A historian notes, “Watson cannily played upon the hatreds, fears and prejudices of his readers. He wrote of the ‘little factory girl who held to her innocence,’ and further endeared Mary Phagan to his readers by characterizing her as ‘a daughter of the people, of the common clay, of the blouse and the overall, of those who eat bread in the sweat of the face …’” (The Leo Frank Case, Leonard Dinnerstein) 


One of our correspondents, from Texas, writes: “Instead of comparing his case to the mass murderers who are not prosecuted, it would be more egalitarian to compare Polanski with the countless men and women in our prisons who do not have the resources to combat the political maneuverings by over-zealous judges and prosecutors who put them there.”


The reader’s description of the situation in Texas (and elsewhere in the US) is accurate, but his approach to the Polanski case and his conclusions are wrong. The abuses of state power to which he refers—the victimization of working class youth using sex offender laws—would not be halted by making an example of Polanski. On the contrary, the power of the state would be enhanced. The prosecutors could act with even greater brutality toward those who are truly defenseless. “Look what we did to someone like Polanski. What chance do you think you have?”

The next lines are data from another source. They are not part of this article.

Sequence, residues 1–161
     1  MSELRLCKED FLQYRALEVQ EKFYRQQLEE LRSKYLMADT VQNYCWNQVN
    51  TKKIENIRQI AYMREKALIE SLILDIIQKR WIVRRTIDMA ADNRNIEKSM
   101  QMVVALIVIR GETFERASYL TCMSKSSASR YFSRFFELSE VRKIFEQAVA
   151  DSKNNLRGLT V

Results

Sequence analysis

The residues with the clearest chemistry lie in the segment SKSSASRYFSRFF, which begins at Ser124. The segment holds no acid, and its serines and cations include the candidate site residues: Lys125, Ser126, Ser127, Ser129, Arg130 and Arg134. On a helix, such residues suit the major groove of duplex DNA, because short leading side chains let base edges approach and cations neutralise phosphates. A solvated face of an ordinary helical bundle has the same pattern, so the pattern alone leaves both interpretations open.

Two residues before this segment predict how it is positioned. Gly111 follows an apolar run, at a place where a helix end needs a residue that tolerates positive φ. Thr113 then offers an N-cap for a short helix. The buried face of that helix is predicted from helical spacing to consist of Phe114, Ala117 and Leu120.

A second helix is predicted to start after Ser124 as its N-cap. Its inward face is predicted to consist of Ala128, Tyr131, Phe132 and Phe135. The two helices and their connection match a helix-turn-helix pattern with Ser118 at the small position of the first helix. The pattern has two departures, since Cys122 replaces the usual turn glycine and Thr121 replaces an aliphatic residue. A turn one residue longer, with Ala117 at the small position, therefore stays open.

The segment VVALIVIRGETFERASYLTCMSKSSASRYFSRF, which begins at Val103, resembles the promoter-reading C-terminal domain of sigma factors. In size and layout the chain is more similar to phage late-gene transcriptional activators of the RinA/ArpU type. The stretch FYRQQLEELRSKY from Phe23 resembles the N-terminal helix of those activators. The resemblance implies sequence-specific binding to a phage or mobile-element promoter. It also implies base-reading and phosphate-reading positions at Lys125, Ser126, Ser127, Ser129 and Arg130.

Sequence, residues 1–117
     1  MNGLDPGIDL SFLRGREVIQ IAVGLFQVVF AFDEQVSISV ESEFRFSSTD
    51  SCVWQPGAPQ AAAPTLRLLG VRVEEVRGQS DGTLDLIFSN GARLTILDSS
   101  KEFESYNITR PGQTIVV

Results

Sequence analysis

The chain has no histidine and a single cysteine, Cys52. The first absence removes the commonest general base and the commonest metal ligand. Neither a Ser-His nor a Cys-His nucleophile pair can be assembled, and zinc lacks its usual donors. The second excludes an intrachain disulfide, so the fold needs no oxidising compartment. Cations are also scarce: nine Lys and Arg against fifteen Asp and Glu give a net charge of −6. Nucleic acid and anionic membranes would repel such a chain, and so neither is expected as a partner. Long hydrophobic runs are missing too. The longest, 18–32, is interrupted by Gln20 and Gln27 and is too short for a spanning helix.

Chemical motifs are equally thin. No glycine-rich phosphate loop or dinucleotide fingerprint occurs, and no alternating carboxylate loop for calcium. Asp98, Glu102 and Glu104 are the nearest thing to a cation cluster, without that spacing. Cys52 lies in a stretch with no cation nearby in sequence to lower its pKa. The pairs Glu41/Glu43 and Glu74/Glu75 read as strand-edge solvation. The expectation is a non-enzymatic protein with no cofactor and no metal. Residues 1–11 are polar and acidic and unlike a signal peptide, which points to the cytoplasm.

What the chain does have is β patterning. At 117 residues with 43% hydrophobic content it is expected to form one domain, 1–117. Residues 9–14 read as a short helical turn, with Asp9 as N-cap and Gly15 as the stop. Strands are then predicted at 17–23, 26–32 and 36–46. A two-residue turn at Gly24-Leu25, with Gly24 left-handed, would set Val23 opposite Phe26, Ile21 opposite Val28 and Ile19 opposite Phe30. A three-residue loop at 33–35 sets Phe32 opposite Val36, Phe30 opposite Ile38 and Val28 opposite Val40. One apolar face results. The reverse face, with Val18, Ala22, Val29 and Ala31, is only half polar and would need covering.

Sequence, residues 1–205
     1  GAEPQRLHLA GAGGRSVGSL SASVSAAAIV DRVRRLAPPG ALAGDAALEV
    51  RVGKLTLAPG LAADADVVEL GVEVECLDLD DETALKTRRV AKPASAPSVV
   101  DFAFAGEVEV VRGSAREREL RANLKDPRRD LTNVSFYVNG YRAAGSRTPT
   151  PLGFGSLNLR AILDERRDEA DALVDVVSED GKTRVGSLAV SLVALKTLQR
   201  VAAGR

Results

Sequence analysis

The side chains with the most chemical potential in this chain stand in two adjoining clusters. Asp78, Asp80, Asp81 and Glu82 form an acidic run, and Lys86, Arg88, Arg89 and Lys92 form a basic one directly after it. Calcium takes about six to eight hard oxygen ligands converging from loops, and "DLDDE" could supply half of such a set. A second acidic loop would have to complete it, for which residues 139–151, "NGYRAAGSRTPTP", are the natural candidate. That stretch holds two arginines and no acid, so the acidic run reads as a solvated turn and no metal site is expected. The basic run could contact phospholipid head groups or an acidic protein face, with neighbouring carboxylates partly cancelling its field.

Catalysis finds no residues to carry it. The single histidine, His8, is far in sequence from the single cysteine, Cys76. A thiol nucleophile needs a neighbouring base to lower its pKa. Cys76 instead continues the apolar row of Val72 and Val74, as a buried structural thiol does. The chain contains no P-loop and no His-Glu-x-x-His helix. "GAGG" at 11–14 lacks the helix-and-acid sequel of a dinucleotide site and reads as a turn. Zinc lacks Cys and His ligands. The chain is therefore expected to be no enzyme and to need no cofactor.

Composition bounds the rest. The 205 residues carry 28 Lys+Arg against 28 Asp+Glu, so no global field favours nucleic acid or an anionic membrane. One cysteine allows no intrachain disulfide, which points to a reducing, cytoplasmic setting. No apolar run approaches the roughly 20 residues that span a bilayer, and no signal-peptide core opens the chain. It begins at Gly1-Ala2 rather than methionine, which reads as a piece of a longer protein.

Moreover, socialist opposition to state persecution is not determined by the class and social status of the victim. Should socialists have defended Oscar Wilde, who (one might have argued) used his wealth to sexually exploit poor working class youth? There were quite a few socialists at the time who said, “No, he deserves whatever he gets.” What about Alfred Dreyfus, a right-wing military officer? Being swept along with the right-wing media and its fake populism is a poor way to advance the class struggle.


At a moment of seething but inchoate discontent in the US, with a population moving generally to the left, when the vast majority is outraged by the bank bailout and the deepening suffering, the Polanski case conveniently diverts energy and attention away from the fundamental economic and political issues.